Angry Birds Rio takes the original games mechanics, tweaks them slightly and weaves around it a story in which the titular vexed creatures have to smash locked birdcages and release the stars of the film. It’s a minor stroke of genius to jump aboard the Angry Birds train to promote the film and in aligning themselves with game creators Rovio, Fox and Blue Sky have millions of fans of the game poised to jump upon this new opportunity to enjoy a whole new iteration of their favourite game and thus promote their film to millions in one fell swoop.
This in itself in not a new concept. Universal recently gave another popular iPhone app, Doodle Jump, a Hop makeover, the two properties seemingly made for each other. The Hop version of Doodle Jump is a free download whereas Angry Birds Rio has a price tag of 59p and this is partly a factor in the success of the original game as it is a small price to pay for so many hours of entertainment. Only with a branded version of Angry Birds could you ask people to pay a charge to, in effect, be advertised to relentlessly, and there’s more thought gone into this gamble as you can bet that Angry Birds Rio will stay at the top of the Paid Apps chart whereas the Free Apps list is far more fluid. As of right now the game tops the Paid Apps and Top Grossing App chart – incredible for a game released just this morning.
Movies and their video game tie-ins have a long and well trodden path, with landfills of Atari 2600 ET cartridges lining the sides, and virtually every mainstream movie is now launched with a host of video game companions, on every available system. Just last night we were given a glimpse of what might have been if Duncan Jones’ Moon was released in the earlys 90s, and I remember 20 odd years ago seeing the Weetabix had commissioned someone to make a game to advertise their cereal. It was rubbish, and yet Angry Birds Rio is borne out of the same urge to market by any means necessary.
This is not the first time Angry Birds has been connected to the world of movies, as it was recently reported that there was to be a movie version of the game. Why this is should be the case when the property is far more suited to short animations in the style of Wile. E. Coyote is beyond me, but so far this tie-in with Rio could be a sign of things to come. It is far less risky to adapt a successful game than to create your own and compete with it, plus you can guarantee that when the Rio theatrical and subsequent Home Entertainment releases come out you will see significant updates to the new game, keeping the film alive in people’s minds. Indeed within the game there is a link to a Rio movie trailer and updates to the game scheduled for May, July, October and November ensuring that people keep coming back for more.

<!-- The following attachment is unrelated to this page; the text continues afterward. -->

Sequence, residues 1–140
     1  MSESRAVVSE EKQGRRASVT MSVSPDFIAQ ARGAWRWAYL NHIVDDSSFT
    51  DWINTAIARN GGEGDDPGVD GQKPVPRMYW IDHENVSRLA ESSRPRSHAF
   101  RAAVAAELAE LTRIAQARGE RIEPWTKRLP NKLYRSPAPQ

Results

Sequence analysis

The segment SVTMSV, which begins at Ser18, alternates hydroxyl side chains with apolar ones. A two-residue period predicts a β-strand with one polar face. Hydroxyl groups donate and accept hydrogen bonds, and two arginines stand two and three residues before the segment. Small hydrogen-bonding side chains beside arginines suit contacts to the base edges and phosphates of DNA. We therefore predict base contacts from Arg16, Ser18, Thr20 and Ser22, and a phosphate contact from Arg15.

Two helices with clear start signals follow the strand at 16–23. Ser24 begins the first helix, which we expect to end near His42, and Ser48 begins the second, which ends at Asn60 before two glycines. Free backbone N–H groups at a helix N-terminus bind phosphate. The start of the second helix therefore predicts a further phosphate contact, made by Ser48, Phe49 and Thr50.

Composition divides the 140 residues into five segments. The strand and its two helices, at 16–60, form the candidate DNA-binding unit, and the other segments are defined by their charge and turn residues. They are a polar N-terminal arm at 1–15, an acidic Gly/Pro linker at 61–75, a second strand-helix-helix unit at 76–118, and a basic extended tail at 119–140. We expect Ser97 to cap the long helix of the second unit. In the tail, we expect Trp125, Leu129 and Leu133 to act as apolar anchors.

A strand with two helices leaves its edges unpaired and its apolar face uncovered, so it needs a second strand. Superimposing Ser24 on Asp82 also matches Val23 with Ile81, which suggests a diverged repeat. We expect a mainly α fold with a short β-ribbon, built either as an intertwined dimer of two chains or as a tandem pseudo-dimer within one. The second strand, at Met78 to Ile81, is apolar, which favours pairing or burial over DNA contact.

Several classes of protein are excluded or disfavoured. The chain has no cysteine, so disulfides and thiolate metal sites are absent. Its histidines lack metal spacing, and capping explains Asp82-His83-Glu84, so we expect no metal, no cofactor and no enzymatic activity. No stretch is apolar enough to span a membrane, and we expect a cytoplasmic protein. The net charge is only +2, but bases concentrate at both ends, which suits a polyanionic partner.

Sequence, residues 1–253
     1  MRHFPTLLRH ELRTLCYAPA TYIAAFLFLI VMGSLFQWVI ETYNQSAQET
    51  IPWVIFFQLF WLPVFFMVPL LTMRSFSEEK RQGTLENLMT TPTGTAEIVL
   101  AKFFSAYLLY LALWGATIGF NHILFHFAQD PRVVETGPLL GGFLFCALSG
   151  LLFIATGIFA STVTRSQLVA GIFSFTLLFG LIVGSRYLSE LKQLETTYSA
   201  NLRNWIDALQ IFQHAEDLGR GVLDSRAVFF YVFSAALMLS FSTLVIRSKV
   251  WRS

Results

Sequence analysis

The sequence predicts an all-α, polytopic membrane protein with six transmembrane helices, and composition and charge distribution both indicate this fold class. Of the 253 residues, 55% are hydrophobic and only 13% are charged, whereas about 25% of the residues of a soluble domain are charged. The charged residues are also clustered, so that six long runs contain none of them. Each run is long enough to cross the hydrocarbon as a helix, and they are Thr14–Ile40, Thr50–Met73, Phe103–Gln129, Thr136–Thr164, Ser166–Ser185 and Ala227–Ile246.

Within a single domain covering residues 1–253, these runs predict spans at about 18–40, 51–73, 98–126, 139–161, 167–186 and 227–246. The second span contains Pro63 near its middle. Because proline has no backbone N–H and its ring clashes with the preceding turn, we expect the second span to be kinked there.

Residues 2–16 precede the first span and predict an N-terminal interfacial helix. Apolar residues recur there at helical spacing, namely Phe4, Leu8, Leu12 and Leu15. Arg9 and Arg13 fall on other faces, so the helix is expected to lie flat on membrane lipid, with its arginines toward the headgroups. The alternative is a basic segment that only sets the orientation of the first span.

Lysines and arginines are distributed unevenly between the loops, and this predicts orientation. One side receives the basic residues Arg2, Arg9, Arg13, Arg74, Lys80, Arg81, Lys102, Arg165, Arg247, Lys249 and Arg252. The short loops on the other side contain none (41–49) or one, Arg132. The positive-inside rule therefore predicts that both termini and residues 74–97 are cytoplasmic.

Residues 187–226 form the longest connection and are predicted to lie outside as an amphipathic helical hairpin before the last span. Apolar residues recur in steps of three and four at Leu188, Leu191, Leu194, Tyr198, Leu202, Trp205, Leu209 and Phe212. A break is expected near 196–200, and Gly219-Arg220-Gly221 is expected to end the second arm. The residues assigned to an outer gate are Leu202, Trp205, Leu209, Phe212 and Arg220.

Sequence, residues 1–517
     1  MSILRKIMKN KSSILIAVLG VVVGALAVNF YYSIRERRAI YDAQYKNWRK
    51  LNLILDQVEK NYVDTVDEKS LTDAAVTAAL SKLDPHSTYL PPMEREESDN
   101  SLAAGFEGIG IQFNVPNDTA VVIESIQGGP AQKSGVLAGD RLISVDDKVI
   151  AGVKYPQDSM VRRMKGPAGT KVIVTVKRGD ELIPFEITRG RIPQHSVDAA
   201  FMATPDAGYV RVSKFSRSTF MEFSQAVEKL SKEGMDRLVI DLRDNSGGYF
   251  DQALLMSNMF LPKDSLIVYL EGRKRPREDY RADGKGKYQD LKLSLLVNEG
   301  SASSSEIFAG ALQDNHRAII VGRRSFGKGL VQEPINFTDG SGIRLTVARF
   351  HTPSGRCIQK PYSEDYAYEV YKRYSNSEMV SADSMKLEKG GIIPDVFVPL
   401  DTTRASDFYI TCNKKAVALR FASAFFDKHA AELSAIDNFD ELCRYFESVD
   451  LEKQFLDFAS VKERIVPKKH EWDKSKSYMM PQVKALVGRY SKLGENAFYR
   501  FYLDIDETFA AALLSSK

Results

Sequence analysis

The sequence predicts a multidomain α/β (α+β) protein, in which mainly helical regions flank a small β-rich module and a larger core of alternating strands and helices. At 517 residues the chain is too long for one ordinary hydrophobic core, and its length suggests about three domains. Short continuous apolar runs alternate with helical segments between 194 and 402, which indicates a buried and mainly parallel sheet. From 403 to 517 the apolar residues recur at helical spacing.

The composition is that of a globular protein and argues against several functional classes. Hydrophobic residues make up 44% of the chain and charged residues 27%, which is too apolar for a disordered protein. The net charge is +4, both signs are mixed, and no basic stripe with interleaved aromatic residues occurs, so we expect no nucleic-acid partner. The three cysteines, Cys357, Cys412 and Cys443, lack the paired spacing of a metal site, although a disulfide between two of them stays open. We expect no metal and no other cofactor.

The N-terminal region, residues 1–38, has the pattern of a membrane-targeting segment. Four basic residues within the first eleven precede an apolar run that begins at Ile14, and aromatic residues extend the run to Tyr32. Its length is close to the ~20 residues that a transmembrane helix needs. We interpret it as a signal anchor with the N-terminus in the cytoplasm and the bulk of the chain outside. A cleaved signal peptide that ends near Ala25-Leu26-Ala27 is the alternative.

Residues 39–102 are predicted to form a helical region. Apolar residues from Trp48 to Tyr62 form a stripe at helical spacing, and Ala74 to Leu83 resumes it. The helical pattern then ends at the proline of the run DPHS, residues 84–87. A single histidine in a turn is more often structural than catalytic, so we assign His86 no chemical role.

Certain films lend themselves very well to game adaptations and much of the summer blockbuster set will find an eager audience with toy manufacturers and console owners but Angry Birds Rio is something different. The iPhone continues to be a huge success as a games machine and this has meant that portable (or casual if you must) gaming is available, and enticing, to all. You can imagine when Cars 2 is released it will come with a slew of videogames on every available platform, the iPhone included. What is different is that Fox and Blue Sky have decided not to make their own game but rather to hijack an incredibly successful one instantly getting their film (or brand, again, if you must) in front of a huge audience.
Film marketing bodies have already woken up to Facebook and the example of the recent 8-bit renditions of Hobo With a Shotgun, and Scott Pilgrim games are a clear indication that we’re seeing a resurgence of this kind of cross media marketing with the smartphones being a particularly powerful weapon in their war to win an audience.
They did miss a trick though, as it is easy to imagine Drive Angry Birds 3D app in which you fire mini Nicholas Cage faces at Demons in a cartoon Hell with a realistic physics environment. Perhaps Sucker Punch could redesign Plants Vs. Zombies with the girls fighting off advancing dragons and airships, Joe Cornish’s Attack the Block lends itself perfectly to a Tower Defence game and it’s a shame that the Saw franchise is over as it is could have been the perfect vehicle for a Cut the Rope redesign – sever the ropes tieing up a helpless victim suspended over a fiery pit, swinging them into the waiting arms of the police. I’d buy it, and for a dollar too.